When one looks at lists of the great French novelists, certain names appear time and time again: Proust, Balzac, Zola, Flaubert, Hugo, Stendhal, Maupassant. They are all great writers. They are also all men. While some of the following writers are frequently represented on such lists, they are almost never among the first mentioned. They are acknowledged as significant within the French canon and all have had at least one work translated into English, but it behooves us, as readers, to seek out women writers, as they continue to be deprived of the most prestigious places in the canon.

The Mandarins (1954) - Simone de Beauvoir
Though widely considered an "autobiographical" novel, such an epithet rather minimizes the extraordinary richness of this novel of ideas, among them the notion that the novel, no matter how truthful in its details, is of its very nature a lie. Set in the aftermath of the American liberation of Paris, The Mandarins follows a set of French intellectuals struggling to channel their ties to the resistance into post-war political activity and grappling with survivors' guilt in the wake of so many of their compatriots' deaths. It is a nuanced distillation of feminism and existentialism through a fictional lens, essential for any students of those concepts.

Cheri (1920) - Colette
Though Gigi is by far Colette's best-known work in the English-speaking world, its brightness and hopefulness are decidedly anomalous in the author's oeuvre; Cheri, with its slight seediness and eventually disillusioning vision of dissipation, is much more representative of Colette's literary perspective. The novel recounts the affair between Cheri, a self-indulgent profligate, and Lea, a courtesan, who begin their amour when he is only nineteen and she is already forty three. The novel frankly addresses sex and love in the lives of women judged to be past their prime, and, though aesthetically it's quite delicious, it is a bitter and disenchanted story.

Letters from a Peruvian Woman (1747) - Francoise de Graffigny
This novel broke ground both for its feminist politics and its compassionate portrayal of a woman of color. Zilia, a kidnapped Peruvian princess, is brought to Europe as a curiosity. In her diary, she records, with intelligence, wit, and acuity, the bizarre class, race, and gender politics of colonialist France; remarkably, Zilia develops into an independent woman who pursues both an intellectual career and rejects the slavery-like conditions of marriage. This novel remains unique in the European canon, a fearless, tenacious answer to repressive cultural hierarchies.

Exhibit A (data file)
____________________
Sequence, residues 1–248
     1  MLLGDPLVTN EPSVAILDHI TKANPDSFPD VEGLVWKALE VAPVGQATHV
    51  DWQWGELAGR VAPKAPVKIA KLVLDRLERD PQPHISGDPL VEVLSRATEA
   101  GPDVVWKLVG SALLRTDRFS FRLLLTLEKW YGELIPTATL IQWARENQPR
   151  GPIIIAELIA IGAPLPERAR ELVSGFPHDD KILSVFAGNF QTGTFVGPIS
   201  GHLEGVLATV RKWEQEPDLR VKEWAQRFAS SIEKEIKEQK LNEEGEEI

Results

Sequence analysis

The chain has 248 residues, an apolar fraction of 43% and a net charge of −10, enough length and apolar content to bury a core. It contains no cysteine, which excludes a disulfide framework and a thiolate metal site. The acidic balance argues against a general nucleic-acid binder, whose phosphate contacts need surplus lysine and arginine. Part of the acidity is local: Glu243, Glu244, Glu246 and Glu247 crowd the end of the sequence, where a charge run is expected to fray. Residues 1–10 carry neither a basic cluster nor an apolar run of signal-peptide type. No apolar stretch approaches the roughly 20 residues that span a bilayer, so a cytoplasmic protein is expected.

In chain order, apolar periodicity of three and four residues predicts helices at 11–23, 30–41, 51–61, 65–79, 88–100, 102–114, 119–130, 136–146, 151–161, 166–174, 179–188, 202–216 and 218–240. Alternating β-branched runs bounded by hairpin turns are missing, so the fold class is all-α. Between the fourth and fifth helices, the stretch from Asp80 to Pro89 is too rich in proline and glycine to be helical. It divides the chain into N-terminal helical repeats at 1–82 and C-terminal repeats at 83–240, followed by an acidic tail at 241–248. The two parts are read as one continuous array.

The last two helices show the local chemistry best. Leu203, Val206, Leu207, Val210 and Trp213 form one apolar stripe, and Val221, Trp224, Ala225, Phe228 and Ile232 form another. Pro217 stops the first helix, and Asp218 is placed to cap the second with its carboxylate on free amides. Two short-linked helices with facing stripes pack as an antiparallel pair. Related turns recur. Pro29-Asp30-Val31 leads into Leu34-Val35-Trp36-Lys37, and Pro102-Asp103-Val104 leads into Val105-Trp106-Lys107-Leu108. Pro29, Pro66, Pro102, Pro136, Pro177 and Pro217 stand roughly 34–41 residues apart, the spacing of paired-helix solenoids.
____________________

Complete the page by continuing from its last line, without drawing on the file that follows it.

Suite Francaise (2008, written 1942) - Irene Nemirovsky
This unfinished masterwork, written during the early years of World War II, remained incomplete because Nemirovsky, though Catholic, was of Jewish descent, and was sent to Auschwitz where she died of typhus. Suite Francaise has a sickening immediacy, written as it was in the very midst of the German occupation of Paris and the profound uncertainty under which the French were living, and it survives as an undeniable record of the French experience of World War II. Part one recounts the distraught Parisians' flight as the Germans marched in, while part two describes the bizarre re-assumption of daily life under occupation. Tragically, part three, meant to portray the formation of the resistance, was never written.

Indiana (1831) - George Sand
In the English-speaking world today, Sand is better known for her sexually adventurous life (depicted in multiple films, including Impromptu and Children of the Century) than for her sublime feminist novels, of which she wrote more than forty, many of which have yet to receive a translation. Indiana is both a grandly romantic story of illicit love and adultery and a damning critique of the Napoleonic Code, under which married women could not own property, claim responsibility for their children, or sue for divorce. Married at an appallingly young age to the elder Colonel Delmare, the sheltered Indiana is easily swept off her feet by the womanizing Raymon de Ramiere, who has already seduced her maid and foster sister Noun, a mixed race woman whose sympathetic portrayal was controversial upon the novel's release.

Thursday, November 6, 2014

Is Frances Burney a Feminist Writer?